Property Analysis - Comment - Stand up to fear of congestion charge

Like all good research, the Experian retail rankings tell us what we already knew instinctively, but had been unable to prove - that good retail development can do wonders for the attractiveness of a particular town or city.

Manchester's renaissance as a retail destination is caused by the combined weight of new development around Exchange Square. The fact that the IRA left the city council with no option but to rebuild is sometimes forgotten. But even if that bomb had not exploded in June 1996, by now something would have had to be done.

Manchester's chief executive, Howard Bernstein, deserves full credit for the way he grasped his opportunity and galvanised the development industry into concerted action.

London's West End retains its crown as the UK's top destination, but the research comes at the very time Ken Livingstone's congestion charge is beginning to bite. Inevitably, this raises some questions about the future of Oxford Street, Regent Street and Bond Street.

Only a relatively small number of shoppers ever arrived by car, but they tended to be the high-spending minority. For most of them, the£5 congestion charge is neither here nor there, but the hassle of making the£5 payment before 10pm, or facing an£80 fine, could become a major irritation for those who value time above money.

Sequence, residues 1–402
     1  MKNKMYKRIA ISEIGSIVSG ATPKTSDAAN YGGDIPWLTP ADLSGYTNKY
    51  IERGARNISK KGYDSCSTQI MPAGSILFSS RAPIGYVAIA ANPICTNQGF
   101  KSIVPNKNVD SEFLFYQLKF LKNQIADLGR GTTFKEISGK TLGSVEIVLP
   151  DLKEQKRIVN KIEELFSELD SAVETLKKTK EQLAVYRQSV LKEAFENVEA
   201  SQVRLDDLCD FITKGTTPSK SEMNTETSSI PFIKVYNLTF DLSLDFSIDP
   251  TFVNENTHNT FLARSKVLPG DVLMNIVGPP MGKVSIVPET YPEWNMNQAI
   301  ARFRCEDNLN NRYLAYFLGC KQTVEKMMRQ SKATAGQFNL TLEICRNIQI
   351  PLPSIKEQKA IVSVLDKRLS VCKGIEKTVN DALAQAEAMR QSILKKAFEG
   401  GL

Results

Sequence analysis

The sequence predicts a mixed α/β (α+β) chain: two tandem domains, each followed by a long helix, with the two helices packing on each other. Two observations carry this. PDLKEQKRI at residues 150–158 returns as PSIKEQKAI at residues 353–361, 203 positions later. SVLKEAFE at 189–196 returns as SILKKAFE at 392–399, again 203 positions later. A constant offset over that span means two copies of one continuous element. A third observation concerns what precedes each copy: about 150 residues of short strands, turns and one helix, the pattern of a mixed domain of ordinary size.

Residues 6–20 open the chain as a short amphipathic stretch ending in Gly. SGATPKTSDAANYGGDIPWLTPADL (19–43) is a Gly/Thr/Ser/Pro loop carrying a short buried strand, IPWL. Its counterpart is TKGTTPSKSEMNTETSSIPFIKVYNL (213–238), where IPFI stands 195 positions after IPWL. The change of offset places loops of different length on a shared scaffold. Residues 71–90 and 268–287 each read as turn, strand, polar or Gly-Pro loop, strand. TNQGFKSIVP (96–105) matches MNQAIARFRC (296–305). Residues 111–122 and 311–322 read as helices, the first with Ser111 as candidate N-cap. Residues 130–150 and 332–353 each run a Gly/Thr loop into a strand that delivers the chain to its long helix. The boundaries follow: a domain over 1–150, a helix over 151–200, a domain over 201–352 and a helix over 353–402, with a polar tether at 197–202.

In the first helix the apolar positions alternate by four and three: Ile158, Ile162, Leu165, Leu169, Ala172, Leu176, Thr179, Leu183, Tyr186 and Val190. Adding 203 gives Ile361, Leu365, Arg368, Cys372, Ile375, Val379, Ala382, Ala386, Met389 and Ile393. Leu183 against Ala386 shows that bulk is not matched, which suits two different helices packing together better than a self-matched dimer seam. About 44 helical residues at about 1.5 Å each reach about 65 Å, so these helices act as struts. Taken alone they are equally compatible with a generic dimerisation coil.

Suddenly Brent Cross or Bluewater could become that bit more attractive, and that's why the Howard de Walden Estate, landlord of Marylebone High Street, has got together with its retail tenants to refund the congestion charge for those who frequent its upmarket shops.

For the vast majority of London shoppers, the congestion charge will not be an issue. And if less congestion means the buses flow more freely, it could be a positive benefit. But Livingstone has to deliver on his promise of ploughing the proceeds of the congestion charge back into improved public transport.

The recent downturn on Oxford Street shows how vulnerable retailing is to a failure on the Underground, coupled with shoppers' fears about terrorist attacks in central London. The Central Line fiasco has hit retailers' bottom line. The Oxford Street Association, the New West End Company and the major landowners need to keep the pressure on Livingstone to make sure the congestion charge doesn't end up doing the same.

Don't forget that London is the first city to face congestion charges.

If it succeeds, others will surely follow.